And the book makes very clear that the corporate state was an exaggerated response to genuine Italian problems, problems that could be solved within liberal, democratic politics.

Perhaps one day we shall see the return of trade unionists to parliaments reformed to allow them to play their proper role in government and industry. I make this recommendation in my booklet, For A Worker’s Chamber. But it should never be through any kind of autocratic, totalitarian regime.

Shut Up, Boris! Even Fascists Declared They Fulfilled Individual Freedom

September 23, 2020

Boris Johnson was in parliament and on the box yesterday announcing his new plans to tackle the renewed rise of the Coronavirus. This includes drafting the army in to ensure the new regulations regarding social distancing are respected. His response to the question in parliament why cases in Britain were rising, while Germany and Italy were nearly normal, met with a characteristically jingoistic response: ours is a country that respects freedom. So we’re back to the old jibe, that even though Nazi Germany and Fascist Italy were defeated and their evil regimes swept away 75 years ago, Germans and Italians are still authoritarians at heart. And Mike and the peeps on Twitter have also pointed out how alarming Johnson’s stated intention to use call in the troops coming before a no deal Brexit that may well result in shortages, including food, unemployment and civil unrest.

See: https://voxpoliticalonline.com/2020/09/22/u-turn-again-boris-johnson-every-time-you-do-you-lose-more-credibility/

Johnson’s comments about Brits supposedly valuing their freedoms more while simultaneously declaring that he may call in the army will remind some people of the slogan ‘Slavery is freedom’ in Orwell’s 1984. Orwell’s great warning of the danger of totalitarianism came from his experiences with Stalinist Communists while fighting for the Republicans against Franco in Spain. But Mussolini’s Fascists themselves also claimed that their system also granted the individual freedom and fulfilment.

Mussolini himself was very firmly authoritarian, championing the total state and condemning liberalism and individualism for undermining society and the nation. But the Fascist ideologue, Ugo Spirito, argued that Fascism’s corporative state offered the individual instead true freedom against the false promises of liberalism. People realised their full potential in society through collaboration, including in industry, as well as trade unions and society generally. It was these collective institutions that allowed people to follow the trades and occupations they desired, whether it was he thinking in his study, or the town butcher. An absolute stress on individualism led to humans living in a state of nature, and having to do everything themselves and so denied the ability to follow their true callings or rise any higher in civilisation.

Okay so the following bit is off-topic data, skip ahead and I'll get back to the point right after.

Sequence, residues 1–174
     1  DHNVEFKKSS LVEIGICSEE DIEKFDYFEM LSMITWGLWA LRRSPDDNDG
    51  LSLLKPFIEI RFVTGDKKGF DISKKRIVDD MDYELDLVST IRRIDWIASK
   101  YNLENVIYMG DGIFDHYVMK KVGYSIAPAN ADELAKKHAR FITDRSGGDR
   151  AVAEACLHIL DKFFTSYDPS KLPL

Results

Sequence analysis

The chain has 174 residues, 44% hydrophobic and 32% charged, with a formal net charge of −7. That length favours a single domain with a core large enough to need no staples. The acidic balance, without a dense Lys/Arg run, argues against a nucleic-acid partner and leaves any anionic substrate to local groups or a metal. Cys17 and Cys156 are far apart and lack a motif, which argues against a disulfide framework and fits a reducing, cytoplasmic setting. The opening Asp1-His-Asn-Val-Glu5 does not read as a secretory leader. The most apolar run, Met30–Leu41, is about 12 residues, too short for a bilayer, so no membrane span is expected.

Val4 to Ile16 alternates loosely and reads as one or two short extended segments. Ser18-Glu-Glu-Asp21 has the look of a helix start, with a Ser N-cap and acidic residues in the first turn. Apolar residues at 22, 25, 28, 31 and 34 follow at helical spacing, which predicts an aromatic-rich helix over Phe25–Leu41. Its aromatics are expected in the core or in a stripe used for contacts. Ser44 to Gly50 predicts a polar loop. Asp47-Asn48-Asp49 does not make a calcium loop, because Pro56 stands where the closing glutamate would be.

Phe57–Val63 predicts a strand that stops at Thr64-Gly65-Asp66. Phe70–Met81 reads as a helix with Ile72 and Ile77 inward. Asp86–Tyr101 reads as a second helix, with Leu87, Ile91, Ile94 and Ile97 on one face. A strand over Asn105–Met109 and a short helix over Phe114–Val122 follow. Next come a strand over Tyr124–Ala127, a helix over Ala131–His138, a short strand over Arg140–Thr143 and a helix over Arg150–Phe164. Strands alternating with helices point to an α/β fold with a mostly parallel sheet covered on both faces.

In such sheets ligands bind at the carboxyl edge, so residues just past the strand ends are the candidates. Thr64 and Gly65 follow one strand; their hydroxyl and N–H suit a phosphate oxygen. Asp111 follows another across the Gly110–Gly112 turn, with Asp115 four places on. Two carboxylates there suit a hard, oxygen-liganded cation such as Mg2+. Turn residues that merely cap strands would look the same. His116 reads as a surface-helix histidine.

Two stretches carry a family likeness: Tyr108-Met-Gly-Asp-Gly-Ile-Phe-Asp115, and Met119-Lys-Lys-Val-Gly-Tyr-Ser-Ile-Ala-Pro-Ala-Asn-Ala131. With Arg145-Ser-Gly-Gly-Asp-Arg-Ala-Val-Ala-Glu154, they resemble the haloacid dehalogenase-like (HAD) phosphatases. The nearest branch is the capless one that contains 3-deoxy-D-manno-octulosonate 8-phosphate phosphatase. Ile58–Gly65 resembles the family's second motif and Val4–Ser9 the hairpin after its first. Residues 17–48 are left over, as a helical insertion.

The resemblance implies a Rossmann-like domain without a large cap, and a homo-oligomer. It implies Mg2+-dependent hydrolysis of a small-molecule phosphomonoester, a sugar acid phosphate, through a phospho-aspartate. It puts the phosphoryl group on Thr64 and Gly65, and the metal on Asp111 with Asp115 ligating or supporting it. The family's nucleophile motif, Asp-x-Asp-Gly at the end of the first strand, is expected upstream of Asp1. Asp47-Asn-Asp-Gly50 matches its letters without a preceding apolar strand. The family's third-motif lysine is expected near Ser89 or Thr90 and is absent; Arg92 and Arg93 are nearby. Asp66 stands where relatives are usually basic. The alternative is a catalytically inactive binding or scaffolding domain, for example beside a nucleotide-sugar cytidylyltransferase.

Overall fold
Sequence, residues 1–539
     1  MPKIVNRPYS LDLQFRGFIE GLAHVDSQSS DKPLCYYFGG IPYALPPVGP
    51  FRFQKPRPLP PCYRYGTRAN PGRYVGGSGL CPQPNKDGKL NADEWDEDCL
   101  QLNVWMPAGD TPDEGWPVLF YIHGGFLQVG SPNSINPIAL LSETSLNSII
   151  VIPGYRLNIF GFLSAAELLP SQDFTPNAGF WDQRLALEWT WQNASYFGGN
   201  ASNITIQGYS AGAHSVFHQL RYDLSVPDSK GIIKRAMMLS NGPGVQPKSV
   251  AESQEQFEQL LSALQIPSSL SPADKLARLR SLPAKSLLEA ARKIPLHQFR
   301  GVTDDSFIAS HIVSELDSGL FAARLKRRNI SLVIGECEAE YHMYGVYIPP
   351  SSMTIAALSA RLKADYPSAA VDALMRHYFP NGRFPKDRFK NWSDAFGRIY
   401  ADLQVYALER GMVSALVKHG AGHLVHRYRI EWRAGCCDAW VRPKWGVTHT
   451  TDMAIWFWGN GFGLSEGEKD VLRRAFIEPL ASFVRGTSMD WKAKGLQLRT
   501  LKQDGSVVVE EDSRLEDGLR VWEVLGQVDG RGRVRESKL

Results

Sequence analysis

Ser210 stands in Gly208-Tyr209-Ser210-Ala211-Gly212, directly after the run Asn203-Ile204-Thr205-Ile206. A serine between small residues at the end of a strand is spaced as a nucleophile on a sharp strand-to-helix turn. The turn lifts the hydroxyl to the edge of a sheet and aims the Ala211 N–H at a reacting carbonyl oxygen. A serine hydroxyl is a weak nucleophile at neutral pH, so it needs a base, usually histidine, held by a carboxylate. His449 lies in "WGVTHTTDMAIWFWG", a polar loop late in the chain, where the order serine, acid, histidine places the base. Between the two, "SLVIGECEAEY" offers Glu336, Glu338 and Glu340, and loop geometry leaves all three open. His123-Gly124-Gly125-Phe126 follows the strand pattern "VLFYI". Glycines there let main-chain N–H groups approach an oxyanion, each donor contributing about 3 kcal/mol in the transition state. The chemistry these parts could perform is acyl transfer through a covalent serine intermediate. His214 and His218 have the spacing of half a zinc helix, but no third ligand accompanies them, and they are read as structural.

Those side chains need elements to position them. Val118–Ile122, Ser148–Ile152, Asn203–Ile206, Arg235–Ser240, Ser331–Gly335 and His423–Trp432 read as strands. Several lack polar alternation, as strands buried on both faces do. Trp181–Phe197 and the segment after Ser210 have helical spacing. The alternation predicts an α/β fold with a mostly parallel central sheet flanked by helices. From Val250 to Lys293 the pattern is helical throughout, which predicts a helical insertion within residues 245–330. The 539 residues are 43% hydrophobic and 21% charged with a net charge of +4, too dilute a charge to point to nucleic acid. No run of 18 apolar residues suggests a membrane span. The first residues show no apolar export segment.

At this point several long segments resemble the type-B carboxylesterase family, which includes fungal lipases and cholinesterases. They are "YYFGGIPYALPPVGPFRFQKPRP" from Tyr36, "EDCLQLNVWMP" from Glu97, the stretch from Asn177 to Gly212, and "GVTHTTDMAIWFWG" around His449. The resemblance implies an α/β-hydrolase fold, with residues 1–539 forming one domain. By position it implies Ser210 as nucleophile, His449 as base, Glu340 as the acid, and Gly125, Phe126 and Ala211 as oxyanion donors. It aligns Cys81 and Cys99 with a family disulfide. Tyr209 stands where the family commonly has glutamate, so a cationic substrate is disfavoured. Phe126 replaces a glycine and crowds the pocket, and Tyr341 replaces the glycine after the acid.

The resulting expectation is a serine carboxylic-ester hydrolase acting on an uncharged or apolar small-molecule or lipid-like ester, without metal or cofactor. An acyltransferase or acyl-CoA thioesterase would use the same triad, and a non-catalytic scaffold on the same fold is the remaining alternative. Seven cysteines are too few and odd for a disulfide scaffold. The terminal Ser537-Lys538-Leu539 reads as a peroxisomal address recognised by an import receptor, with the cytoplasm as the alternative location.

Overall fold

He concluded of this

Laissez-faire liberalism proclaims freedom of thought and of action, free competition, private enterprise, and, above all, the sacred and inviolable character of private property. But it ends up realizing, more or less consciously, that these don’t add up to genuine freedom. Freedom is founded upon collaboration, that is, upon a choice of social goals and the social discipline required to achieve them.

From: ‘Corporativism as Absolute Liberalism and Absolute Socialism’, Ugo Spirito, in Jeffrey T. Schnapp, ed. A Primer of Italian Fascism (University of Nebraska Press 2000), p. 144.

The Fascists praised and protected private property and declared that private industry was at their heart of their economic system. Spirito himself goes onto attack the idea of an omniscient state as the ultimate destroyer of human freedom.

Let us assume it were possible (through improved organization) for the state to attain true knowledge of even the smallest, most remote events. This knowledge would still not be readily translatable into leadership and discipline of a spiritual sort. It would remain abstract because outside known reality; it would generate laws that correspond only to the knower’s will. The state would still function as a bureaucracy, setting goals for the entire nation and, therefore, reducing the nation to a kind of mechanical instrument. The organism’s life would be that of a machine: to each man an assigned place, to each worker an imposed job, all according to the scheme’s rigid necessity. Each individual would be a cog lost in the overall machinery. Freedom, personality, and individual enterprise would become meaningless terms. The hoped-for social justice would translate into a general levelling, and the individual would vanish in the eyes of the state.

He went on to state

Corporativism replies to liberalism by confirming that every person’s individual freedom is sacred. Corporativism proclaims itself antiliberal only because the individual under liberalism is not a true individual, nor is his will truly free. It points to the fact that liberalism ends up denying individuals the very rights that it purports to defend. Corporativism’s antiliberalism is thus not meant to deny or to curtail freedoms. Rather, it aims to strengthen them as much as possible and to achieve liberalism’s highest aim. (p. 150).

In fact, as any fule no, Mussolini’s Fascists regime was a brutal dictatorship, where the individual was very much subordinated to the state, regardless what Fascism’s supporters and ideologues said to the contrary.